Interjections ( ouch, hooray ) - English Grammar Today - Cambridge Dictionaries Online Cambridge dictionaries logo
Cambridge Dictionaries online Cambridge Dictionaries online

The most popular online dictionary and thesaurus for learners of English

Interjections (ouch, hooray)

from English Grammar Today

We use interjections to express emotions such as pleasure, surprise, shock and disgust. Most interjections are just sounds, rather than actual words, and come at the beginning or at the end of what we say. Interjections are more common in speaking than in writing:

Ouch, it stings. (expresses pain)

You’re going to the Maldives. That’s a long way, wow. (expresses surprise and wonder)

Hooray, here comes the bus at last! (expresses delight)

Ugh, sorry, I can’t eat tomatoes. (expresses disgust)

(“Interjections ( ouch, hooray )” from English Grammar Today © Cambridge University Press.)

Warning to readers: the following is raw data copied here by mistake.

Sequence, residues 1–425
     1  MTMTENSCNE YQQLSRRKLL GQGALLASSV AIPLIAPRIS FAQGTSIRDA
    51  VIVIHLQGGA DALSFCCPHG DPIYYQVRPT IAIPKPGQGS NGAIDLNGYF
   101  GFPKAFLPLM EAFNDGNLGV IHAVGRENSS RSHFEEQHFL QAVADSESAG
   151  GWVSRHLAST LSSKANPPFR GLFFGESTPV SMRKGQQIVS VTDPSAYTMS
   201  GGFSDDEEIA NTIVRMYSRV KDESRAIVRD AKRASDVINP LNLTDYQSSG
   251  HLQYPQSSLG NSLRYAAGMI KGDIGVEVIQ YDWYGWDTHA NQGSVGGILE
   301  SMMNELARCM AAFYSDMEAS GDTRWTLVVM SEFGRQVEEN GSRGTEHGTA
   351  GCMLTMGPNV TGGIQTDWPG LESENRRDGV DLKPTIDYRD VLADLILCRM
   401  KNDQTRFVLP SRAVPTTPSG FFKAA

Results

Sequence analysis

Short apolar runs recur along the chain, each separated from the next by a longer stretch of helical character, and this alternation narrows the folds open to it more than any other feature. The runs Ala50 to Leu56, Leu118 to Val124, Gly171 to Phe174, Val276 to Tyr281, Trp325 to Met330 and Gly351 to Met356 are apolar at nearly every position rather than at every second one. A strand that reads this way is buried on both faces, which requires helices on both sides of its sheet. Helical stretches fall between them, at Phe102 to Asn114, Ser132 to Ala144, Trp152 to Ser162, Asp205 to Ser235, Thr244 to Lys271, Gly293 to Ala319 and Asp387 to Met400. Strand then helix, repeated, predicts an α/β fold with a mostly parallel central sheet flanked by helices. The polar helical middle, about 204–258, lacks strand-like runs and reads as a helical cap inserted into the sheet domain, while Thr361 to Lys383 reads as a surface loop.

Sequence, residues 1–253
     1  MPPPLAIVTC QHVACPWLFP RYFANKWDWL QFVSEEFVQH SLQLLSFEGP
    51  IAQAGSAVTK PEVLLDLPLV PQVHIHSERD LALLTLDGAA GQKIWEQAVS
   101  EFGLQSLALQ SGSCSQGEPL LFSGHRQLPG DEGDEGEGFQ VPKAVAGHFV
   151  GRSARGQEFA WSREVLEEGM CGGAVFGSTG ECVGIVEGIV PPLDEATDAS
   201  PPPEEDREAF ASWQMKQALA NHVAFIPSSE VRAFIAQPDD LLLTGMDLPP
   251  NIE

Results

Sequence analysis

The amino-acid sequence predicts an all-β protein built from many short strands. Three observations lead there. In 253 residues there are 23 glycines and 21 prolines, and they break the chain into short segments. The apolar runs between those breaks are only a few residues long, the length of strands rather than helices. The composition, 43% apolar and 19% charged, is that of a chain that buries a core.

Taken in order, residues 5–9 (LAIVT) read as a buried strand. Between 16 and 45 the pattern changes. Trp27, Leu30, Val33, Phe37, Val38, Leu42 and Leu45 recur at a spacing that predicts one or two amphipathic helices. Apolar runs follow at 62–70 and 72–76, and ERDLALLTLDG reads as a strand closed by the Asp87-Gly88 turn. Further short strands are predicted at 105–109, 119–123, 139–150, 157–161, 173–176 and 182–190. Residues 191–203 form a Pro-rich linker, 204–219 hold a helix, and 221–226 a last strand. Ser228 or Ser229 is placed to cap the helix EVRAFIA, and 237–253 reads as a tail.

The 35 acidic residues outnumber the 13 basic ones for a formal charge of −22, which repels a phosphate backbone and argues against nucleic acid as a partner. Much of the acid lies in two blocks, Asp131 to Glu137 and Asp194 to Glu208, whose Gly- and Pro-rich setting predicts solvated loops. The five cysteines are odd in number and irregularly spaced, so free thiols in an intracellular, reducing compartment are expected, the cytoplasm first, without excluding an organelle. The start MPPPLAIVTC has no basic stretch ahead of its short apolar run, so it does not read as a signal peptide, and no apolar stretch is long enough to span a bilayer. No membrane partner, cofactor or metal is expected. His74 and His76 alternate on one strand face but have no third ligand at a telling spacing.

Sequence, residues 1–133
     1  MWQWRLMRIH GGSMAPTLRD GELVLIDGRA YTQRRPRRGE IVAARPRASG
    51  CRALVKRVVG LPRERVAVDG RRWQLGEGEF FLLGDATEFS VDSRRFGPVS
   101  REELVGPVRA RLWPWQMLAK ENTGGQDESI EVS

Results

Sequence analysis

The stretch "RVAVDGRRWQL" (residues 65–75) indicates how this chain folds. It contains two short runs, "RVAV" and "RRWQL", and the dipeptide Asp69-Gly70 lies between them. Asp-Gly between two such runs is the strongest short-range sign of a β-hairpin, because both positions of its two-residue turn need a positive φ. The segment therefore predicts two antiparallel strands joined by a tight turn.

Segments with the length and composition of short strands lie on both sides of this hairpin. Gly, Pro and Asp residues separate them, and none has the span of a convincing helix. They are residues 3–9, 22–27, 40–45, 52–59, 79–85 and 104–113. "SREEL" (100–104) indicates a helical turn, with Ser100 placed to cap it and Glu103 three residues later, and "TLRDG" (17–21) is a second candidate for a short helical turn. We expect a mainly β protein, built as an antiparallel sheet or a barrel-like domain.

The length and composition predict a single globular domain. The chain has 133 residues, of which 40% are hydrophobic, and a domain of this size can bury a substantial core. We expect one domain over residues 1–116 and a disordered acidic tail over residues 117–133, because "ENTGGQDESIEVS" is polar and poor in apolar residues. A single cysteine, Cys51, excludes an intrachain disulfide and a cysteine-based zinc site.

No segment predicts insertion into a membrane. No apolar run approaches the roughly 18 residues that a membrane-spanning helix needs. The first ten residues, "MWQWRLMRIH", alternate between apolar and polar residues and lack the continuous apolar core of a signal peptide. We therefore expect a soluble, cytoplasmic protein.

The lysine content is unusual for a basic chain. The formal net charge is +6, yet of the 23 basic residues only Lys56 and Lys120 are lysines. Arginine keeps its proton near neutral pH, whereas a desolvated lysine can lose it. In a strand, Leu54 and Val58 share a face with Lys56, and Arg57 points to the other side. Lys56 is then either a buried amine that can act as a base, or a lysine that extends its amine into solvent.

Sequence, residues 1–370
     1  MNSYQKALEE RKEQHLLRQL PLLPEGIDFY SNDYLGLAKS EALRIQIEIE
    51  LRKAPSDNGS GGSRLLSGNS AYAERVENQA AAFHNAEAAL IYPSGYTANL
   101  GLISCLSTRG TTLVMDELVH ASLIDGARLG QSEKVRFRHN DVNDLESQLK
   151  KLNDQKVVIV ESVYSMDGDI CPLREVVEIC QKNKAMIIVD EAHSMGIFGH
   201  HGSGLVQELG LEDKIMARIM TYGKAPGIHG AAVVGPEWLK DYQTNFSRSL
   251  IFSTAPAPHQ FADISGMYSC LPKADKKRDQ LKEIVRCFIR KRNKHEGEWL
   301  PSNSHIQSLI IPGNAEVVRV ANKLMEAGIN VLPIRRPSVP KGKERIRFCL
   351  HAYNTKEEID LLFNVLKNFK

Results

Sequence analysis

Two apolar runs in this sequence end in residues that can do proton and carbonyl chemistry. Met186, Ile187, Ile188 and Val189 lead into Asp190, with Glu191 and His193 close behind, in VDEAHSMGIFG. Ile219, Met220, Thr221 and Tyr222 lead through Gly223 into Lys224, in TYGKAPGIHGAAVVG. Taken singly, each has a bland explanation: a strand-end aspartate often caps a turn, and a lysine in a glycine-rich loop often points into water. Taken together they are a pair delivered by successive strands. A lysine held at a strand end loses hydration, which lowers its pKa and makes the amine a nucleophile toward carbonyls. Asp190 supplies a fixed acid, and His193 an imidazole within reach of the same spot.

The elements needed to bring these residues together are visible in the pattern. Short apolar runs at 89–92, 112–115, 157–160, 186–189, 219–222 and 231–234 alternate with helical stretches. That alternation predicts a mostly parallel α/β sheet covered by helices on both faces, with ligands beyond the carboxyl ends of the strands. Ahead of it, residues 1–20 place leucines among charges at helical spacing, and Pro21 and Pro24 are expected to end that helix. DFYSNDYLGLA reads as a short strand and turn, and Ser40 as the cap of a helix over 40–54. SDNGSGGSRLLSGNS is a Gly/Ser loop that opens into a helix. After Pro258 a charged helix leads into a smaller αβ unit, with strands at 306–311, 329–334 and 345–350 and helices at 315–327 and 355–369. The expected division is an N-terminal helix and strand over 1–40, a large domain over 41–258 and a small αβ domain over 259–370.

Add Cambridge dictionaries to your browser to your website
Just who is driving this thing?
Just who is driving this thing?
by ,
May 03, 2016
by Colin McIntosh Do you remember Herbie the Love Bug? Herbie was a 1963 Volkswagen Beetle car in a string of Walt Disney movies. In typical Disney anthropomorphic style, Herbie goes his own way, falls in love, cries, plays jokes, and generally has a mind of his own. While the new driverless cars, like those being

Read More 

Word of the Day

star

a very large ball of burning gas in space that is usually seen from the earth as a point of light in the sky at night

Word of the Day

trigger warning noun
trigger warning noun
May 02, 2016
a warning that a subject may trigger unpleasant emotions or memories This is not, I should stress, an argument that trigger warnings should become commonplace on campus.

Read More